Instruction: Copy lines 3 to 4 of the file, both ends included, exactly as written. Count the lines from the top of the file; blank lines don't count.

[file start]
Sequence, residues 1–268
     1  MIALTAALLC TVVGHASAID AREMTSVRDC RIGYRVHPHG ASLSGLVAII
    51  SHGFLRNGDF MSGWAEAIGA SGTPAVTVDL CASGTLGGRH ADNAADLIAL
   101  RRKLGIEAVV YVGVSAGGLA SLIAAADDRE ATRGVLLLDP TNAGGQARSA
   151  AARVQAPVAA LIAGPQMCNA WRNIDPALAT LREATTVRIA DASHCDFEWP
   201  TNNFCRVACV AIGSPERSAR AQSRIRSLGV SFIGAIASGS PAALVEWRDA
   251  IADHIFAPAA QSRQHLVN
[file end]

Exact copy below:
    51  SHGFLRNGDF MSGWAEAIGA SGTPAVTVDL CASGTLGGRH ADNAADLIAL
   101  RRKLGIEAVV YVGVSAGGLA SLIAAADDRE ATRGVLLLDP TNAGGQARSA